General Johann Coetzee’s unexpected decision to abandon the massive powers he has as Commissioner of Police, giving no explanation and handing over to a virtually unknown “administrative man”, has raised a number of crucial questions.
As the man at the centre of the State of Emergency, Coetzee has held one of the most powerful positions in the country. He has been personally responsible for some of the most severe Emergency restrictions. He was head of the joint security forces during a period when the power and influence of the security forces reached unprecedented levels. This was done through the creation of the National Security Management System, headed by the State Security Council, in which Coetzee is a key member, and the powers of decree given to him under Emergency regulations.
Virtually the only hold on his power in recent months has been the annulment of a number of his most contentious decrees by the Supreme Court Coetzee has now announced his “retirement” at a crucial time — on the eve of the first anniversary of the June 12 Emergency and June 16 and June 26 commemorations. He has been commissioner for only four years, although he has spent all 41 years of his career in the police and previously headed the Security Police.
There is no suggestion that this is a routine retirement due to age or health. Indeed, he is handing over to a man who is roughly the same age as he. Speculation around his resignation has centred on what role he will now play, why he has chosen this time to leave, and what role his successor will play. It seems certain that he is to join the Department of Foreign Affairs, probably as a major trouble-shooter. He will start with the tricky question of the conflict between the Transkei and Ciskei homelands, according to government sources.
Coetzee gained some experience in a similiar area when he played an important role in the negotiations that led to the Nkomati Accord with Mozambique. Other speculation has been that he is going to be involved in the crucial area of sanctions-busting or that he will be playing a key role in renewed efforts to clamp down on the press, an area in which Coetzee has shown some interest.
One thing is clear: Coetzee is not likely to disappear into oblivion. Even though his move is a prima facie demotion, it is likely that his new position is temporary and that a more important role has been earmarked for him. There is equal interest in the man who will take his place.
The man who will now run the Emergency, exercise powers of decree and play a crucial role in the State Security Council is Lieutenant-General Hendrik Gideon de Witt, who yesterday described himself as a “desk man” and an “administrative man”. In an interview yesterday, he joked that the only newspaper he believes is the government gazette. “There used to be only two newspapers to believe — the government gazette and the police gazette. Now they’ve done away with the police gazette there’s only one,” he said.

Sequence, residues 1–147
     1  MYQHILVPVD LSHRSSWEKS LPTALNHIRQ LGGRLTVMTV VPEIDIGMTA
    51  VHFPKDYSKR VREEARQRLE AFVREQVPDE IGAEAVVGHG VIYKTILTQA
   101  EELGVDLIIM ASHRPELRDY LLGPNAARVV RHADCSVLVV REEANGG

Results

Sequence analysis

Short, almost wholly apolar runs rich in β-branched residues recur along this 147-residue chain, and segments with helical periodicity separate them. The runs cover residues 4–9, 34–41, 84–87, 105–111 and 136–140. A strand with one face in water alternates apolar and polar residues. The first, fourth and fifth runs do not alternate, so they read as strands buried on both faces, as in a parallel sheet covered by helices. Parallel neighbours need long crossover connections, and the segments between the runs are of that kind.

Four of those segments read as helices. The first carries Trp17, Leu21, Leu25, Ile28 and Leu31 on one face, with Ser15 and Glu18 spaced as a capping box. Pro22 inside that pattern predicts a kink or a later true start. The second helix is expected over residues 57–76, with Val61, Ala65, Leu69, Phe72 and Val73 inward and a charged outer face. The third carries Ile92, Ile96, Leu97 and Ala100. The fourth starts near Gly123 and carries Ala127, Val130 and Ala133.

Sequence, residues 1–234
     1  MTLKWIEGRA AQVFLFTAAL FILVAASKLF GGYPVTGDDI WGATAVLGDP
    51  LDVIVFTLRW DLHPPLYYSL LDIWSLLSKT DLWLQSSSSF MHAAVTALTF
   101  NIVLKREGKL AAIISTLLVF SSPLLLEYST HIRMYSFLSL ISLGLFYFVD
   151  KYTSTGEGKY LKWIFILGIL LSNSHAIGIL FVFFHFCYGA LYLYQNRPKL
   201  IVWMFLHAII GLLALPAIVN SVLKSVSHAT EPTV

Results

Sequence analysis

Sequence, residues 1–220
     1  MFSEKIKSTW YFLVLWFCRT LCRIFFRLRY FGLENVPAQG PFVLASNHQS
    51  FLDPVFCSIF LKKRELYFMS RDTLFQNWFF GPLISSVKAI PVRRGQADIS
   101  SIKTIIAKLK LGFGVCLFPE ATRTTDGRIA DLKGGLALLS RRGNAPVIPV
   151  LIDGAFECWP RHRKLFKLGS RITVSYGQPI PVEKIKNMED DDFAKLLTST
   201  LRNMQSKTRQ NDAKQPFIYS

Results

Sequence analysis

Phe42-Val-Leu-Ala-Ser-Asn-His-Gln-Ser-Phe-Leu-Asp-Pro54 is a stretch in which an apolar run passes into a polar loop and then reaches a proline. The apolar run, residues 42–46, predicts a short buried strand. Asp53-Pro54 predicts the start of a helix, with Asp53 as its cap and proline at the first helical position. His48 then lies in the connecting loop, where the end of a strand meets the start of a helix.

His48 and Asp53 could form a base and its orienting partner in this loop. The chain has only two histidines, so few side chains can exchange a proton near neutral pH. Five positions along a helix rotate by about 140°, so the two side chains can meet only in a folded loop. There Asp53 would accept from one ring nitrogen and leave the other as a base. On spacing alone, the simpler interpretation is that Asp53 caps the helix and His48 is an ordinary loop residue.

But the incoming Commissioner of Police, who will take over from Coetzee on August 1, is looking forward to meeting the press despite the fact that personally he doesn’t “have much to say”. “I’m not a low profile person, but for many years I’ve been an administrative man. So outside people wouldn’t know me. But I can assure you the police force does.”
The commissioner’s job “is a difficult one now”, he says. “It’s quite a hot seat. But one can never do that alone. We’ve got a good team.” His birthday is ironically also a hotspot falling on December 16. Officially the Day of the Vow, to anti-apartheid groupings it is commemorated as Heroes Day.
He was born in the Upington district 59 years ago and joined the police force in 1946, the year after he matriculated. Most of his work has involved administering the police force. “I don’t hunt criminals,” he says.
For seventeen-and-a-half years he was stationed at the quarter-master general’s office in Pretoria, which was followed by two-and-a-half years as divisional commissioner for Port Natal. He went on to command the counter-insurgency unit and headed the Inspectorate Division in Pretoria. For the last two-and-a-half years he has been chief deputy commissioner.